An Angry Black Man isn’t Always Black

I was blown away pretty recently pretty recently by a scientific fact: that by age 5, the first emotion a child in contemporary society has control over of and can express very clearly (especially in boys) is ANGER.

Of all the emotions on the spectrum, it had to be ANGER. WTF?

It really got me thinking. What the hell are we teaching our kids today?

It’s crazy how aggressive people are getting. I was on the clock last month facilitating a health ed workshop in a middle school nearby the clinic that I’ve been fortunate enough to do on Wednesdays for the last 2 years. It’s always fascinating coming into the building as I usually get there when some of the 8th graders I work with are on recess. They play hard; and often times you can see some interaction in the school yard that if left unsupervised can bust out into to fists, feet, elbows and teeth marks.

Now, in facilitating this class, there are two keys to the bathroom that the kids can take that reside in the classroom. Typically they are allowed to only go out one and at time and have to come back into the class and hand the key off to the next student who needs the restroom. Somehow, the teacher and I lost track and two girls were out in the bathroom simultaneously. I noticed that the girls had been gone for a while and so did the teacher who went to investigate. She brought back both girls sullen and I noticed they didn’t say much the rest of the session – both usually were active enough participants. Come to find out afterwards when checking in with the teacher that she walked into the bathroom a few moments before a brawl broke out!

You should have seen them: one was of typical 12-year-old female height, and the other was petite and spoke in a very quiet voice during the classes! I guess there was some bad blood there that would put some serious fight in the smallest of Chihuahuas. Still, after shaking my head it got me to thinking: WTF are we all so angry about?

It seems like the society rewards yellers and screamers, or people do make a fuss. I’ve got a good friend who is as petite as they come but when she makes a fuss, people cater to her every whim. Every time she is telling a story about some great discount she got, I always interject: “so what happened AFTER you started COMPLAINING?” – and we both bust out laughing. Maybe it’s a matter of standing up for yourself gone a bit too far, but yelling, screaming, threatening and complaining always seem to get people’s attention – and gets shit done for the sake of pacification.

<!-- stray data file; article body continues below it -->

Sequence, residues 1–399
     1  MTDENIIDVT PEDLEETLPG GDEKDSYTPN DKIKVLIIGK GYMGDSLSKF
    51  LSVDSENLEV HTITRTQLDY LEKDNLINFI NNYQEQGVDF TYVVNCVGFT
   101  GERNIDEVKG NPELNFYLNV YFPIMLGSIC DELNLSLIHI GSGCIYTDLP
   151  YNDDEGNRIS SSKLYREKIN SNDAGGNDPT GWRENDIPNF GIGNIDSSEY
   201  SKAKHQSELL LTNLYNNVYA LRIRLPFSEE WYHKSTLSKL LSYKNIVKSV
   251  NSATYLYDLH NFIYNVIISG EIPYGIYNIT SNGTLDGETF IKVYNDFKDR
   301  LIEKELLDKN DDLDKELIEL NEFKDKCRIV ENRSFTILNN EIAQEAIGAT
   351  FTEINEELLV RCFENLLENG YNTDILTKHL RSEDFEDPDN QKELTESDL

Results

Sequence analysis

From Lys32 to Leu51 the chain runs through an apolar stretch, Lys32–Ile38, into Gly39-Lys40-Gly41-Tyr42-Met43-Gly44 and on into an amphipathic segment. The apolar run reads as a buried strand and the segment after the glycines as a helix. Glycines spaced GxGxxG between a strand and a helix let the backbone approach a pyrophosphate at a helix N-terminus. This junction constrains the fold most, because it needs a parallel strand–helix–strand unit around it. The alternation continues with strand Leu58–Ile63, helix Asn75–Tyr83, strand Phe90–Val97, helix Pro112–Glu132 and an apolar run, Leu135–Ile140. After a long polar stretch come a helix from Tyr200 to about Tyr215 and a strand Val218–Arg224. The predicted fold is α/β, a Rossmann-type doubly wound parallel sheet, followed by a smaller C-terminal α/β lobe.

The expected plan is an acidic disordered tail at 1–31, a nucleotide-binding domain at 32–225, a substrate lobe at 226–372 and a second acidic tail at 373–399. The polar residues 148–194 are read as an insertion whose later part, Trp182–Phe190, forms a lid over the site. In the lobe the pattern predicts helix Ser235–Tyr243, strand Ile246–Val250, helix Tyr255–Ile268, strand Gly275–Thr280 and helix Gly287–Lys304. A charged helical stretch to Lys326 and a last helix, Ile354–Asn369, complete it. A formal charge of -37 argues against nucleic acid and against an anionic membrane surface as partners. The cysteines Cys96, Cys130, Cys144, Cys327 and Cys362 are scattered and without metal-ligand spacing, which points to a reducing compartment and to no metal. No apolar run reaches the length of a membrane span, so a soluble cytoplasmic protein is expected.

I’m not a fan of unnecessary yelling. Working in social services means that while yelling clients – and in my case, irate teens – comes with the territory, I don’t take kindly of people using me as a bucket to kvetch their frustrations into while I’m on the clock. Sometimes you have those folks who are so good at the yelling that you just want to take them outside the office and put your foot down a throat or up a backside to keep them quiet.

Quite often the yelling as an affront to some of the most interesting issues and makes a very convince cover. My favorite irate client story was while interning at a public assistance program office. Those places are almost as fun as working in the DMV or the post office. I’m minding my business and this woman, who feels she’s been waiting too long, decides to shatter the early morning quiet with a full-blown tirade. So one of my coworkers who is petite (I’m always around petite women it seems, being 6’1”) goes over to calm her down and get ripped to pieces. I’m clearly annoyed myself because I has just sat down to drink some hot chocolate on a cold December day in NYC, and the way this woman is arguing my chocolate will be cold once we calm her down.

So I step outside to start walking over to her. She’s yelling and screaming and dropping F bombs and hollering for the department manager while the other clients watch intently. I was so annoyed with all the noise I gave her a heavy dose of one technique taught to me years ago. I started talking to her, lowering my voice with every sentence as the conversation went along. I kept the voice firm but low and she and NO chance but to calm her ass down and have a seat. At the end, I called her bluff as the manager walked into the building and the client got all apologetic and said it wasn’t necessary. She even came back at the end of her visit and apologized to us staff, talking about how frustrating the public assistance system is since this was the fourth time they can re-opened her case after it was closed.

It just speaks to the aggressive nature of society, where only displays of aggression and power can seemingly get shit done. I guess some people are like the ends justify the means. Still, this whole stereotypical “angry black man” type way to get things done creates more Pyrrhic victories and grave losses than it does successful accomplishments. Perhaps we need to find better ways to express ourselves. While we have the right to express our anger, I cannot help but wonder if I’m the only person deeply concerned by the scientific fact at the top of the post.

As famous NFL coach Vince Lombardi once said: “what the hell’s going on out there!?”. It surely would behoove us to find out and correct it.


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